The Wisconsin Restaurant Association has released a study that estimates that more than 16,000 jobs would be lost with a higher minimum wage.
Supporters of a higher minimum wage, including President Barack Obama, have argued an increase will reduce turnover and raise productivity. The author of a study prepared for the Wisconsin Restaurant Association, David Macpherson, doesn't buy it.
“If they (higher wages) really did increase productivity, then firms would raise the wages themselves without having to have the government mandate it,” said Macpherson.
Macpherson, of Trinity University, has written similar reports for other states linking a higher minimum wage to job loss.
Laura Dresser, an economist with the Center on Wisconsin Strategy, thinks Macpherson's estimate of jobs lost is high and doesn't take into account reduced reliance on taxpayer-funded programs like food stamps.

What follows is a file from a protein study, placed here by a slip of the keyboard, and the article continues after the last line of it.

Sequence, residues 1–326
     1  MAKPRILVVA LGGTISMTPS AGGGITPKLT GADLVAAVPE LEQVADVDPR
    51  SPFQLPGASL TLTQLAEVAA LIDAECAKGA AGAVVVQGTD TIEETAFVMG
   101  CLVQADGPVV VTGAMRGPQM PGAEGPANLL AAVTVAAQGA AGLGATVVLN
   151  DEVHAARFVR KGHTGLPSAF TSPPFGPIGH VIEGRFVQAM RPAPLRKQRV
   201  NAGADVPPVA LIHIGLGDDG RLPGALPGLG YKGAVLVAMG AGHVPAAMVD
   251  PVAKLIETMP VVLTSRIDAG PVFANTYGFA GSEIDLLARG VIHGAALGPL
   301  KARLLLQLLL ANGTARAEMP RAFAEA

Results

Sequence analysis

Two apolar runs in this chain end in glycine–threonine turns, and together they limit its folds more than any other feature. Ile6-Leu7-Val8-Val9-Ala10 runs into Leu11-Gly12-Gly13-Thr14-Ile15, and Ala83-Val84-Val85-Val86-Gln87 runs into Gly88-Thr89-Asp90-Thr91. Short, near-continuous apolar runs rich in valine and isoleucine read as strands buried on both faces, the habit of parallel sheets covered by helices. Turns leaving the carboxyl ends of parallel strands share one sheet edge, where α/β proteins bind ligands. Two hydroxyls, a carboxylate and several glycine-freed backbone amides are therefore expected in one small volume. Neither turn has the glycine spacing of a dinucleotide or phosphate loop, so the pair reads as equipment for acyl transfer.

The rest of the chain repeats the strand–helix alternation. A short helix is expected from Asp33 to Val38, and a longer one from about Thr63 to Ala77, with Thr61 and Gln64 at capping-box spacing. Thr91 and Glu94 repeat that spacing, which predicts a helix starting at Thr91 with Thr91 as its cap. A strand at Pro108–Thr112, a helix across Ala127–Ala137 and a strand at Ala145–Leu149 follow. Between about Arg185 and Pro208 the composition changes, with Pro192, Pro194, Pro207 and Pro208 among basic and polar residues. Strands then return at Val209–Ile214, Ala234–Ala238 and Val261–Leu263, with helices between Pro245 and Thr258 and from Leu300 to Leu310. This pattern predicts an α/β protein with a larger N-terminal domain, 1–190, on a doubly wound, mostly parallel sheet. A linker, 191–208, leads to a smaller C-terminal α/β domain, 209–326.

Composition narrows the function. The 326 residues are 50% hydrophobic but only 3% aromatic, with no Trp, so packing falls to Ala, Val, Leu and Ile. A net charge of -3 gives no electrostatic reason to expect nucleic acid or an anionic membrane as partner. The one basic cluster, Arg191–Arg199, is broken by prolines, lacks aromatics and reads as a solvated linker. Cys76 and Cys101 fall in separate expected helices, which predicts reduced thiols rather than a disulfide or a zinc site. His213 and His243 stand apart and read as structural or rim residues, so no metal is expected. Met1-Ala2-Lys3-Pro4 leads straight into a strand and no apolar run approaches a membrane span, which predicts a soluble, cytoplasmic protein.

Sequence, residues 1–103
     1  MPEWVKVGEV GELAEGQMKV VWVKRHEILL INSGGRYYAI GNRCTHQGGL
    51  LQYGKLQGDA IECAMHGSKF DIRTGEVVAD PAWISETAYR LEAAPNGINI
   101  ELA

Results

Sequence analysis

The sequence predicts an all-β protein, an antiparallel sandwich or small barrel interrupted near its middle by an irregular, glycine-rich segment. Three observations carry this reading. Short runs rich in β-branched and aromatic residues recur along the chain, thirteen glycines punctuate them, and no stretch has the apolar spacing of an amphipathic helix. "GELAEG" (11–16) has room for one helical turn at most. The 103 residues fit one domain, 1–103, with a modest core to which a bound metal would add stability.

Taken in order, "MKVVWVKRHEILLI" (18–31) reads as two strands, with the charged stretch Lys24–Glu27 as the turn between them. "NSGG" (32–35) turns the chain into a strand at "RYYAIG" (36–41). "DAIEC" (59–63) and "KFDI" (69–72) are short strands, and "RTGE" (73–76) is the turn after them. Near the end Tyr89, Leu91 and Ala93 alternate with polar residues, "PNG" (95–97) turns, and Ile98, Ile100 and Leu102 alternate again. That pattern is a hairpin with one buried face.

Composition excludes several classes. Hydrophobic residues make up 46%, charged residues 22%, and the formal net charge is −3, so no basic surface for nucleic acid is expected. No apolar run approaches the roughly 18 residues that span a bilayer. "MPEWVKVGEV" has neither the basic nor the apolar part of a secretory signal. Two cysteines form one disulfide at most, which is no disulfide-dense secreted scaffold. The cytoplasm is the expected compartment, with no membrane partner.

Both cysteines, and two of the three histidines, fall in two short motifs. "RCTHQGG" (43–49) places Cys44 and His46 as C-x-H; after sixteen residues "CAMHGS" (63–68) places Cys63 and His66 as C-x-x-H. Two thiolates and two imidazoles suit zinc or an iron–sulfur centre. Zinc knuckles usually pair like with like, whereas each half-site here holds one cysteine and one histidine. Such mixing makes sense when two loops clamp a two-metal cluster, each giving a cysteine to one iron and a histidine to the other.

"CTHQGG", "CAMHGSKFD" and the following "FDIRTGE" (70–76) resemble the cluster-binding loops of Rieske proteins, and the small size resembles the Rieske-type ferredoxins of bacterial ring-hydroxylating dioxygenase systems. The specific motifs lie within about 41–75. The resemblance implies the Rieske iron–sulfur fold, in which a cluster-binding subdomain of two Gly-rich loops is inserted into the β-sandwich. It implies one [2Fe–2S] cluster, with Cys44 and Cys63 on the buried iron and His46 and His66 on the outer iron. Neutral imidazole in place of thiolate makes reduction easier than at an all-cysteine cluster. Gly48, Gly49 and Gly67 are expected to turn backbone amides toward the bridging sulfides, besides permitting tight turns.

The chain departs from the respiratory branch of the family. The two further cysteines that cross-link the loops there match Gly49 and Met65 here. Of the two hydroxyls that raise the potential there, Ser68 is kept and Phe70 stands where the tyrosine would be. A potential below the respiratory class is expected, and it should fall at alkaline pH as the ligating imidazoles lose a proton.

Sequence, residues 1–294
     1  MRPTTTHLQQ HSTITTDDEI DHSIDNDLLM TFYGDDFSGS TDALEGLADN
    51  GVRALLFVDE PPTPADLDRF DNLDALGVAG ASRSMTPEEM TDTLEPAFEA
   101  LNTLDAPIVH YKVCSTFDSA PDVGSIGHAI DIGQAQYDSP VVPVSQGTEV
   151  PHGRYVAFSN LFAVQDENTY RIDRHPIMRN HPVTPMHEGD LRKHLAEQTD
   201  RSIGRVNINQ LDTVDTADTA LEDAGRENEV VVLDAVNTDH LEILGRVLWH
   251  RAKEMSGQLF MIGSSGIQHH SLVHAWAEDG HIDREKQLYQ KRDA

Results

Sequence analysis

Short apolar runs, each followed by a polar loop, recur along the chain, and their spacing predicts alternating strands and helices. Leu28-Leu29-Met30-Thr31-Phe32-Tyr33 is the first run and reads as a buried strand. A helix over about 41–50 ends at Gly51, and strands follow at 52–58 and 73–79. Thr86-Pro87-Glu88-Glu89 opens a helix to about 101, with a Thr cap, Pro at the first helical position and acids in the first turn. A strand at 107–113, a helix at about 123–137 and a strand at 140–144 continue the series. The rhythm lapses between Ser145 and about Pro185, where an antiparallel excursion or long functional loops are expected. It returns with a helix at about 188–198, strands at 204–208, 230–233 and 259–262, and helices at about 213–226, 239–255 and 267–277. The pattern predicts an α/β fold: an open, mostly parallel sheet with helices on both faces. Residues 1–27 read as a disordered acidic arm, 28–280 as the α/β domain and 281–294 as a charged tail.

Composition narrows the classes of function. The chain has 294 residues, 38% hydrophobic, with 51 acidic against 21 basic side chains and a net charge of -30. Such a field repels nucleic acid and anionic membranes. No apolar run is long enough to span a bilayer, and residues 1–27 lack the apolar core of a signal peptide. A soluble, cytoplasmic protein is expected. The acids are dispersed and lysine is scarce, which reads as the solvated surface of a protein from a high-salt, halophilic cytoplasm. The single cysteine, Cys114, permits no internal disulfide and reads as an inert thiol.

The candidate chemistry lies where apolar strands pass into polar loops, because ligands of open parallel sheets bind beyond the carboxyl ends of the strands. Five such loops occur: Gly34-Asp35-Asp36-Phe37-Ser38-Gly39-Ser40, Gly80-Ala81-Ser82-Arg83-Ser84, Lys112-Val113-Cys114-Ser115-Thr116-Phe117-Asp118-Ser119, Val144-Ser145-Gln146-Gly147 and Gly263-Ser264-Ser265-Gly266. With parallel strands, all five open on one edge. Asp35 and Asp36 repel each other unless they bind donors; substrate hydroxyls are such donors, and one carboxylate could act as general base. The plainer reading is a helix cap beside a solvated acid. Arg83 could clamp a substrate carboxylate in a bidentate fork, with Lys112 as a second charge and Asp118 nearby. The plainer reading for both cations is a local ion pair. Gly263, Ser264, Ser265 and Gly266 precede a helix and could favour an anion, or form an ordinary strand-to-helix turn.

“It helps workers make ends meet so they don't rely on federal programs or on their friends and family,” said Dresser.
The Wisconsin Restaurant Association's Pete Hanson said many establishments would like to offer higher wages, but can’t afford to pass on costs to consumers who are price-conscious.
“If a restaurant operator has to raise prices to pay for the wage increases, they might lose customers,” said Hanson.
State Rep. Corey Mason (D-Racine) said that good public policy would create “a minimum standard that would pull people out of poverty and not require taxpayers to subsidize restaurant owners’ wages.”
Mason plans to re-introduce a bill that raises Wisconsin's minimum wage from $7.25 an hour to $10.10 in three phases.